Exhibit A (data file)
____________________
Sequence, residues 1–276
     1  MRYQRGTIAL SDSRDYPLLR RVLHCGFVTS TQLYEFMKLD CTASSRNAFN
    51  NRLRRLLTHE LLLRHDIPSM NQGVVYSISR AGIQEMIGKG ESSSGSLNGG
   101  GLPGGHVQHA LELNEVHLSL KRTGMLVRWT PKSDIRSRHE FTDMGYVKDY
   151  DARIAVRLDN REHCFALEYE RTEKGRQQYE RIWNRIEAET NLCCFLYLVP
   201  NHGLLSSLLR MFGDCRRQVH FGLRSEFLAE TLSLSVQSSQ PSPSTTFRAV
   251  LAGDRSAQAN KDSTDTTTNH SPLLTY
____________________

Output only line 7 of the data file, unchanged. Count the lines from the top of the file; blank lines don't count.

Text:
   251  LAGDRSAQAN KDSTDTTTNH SPLLTY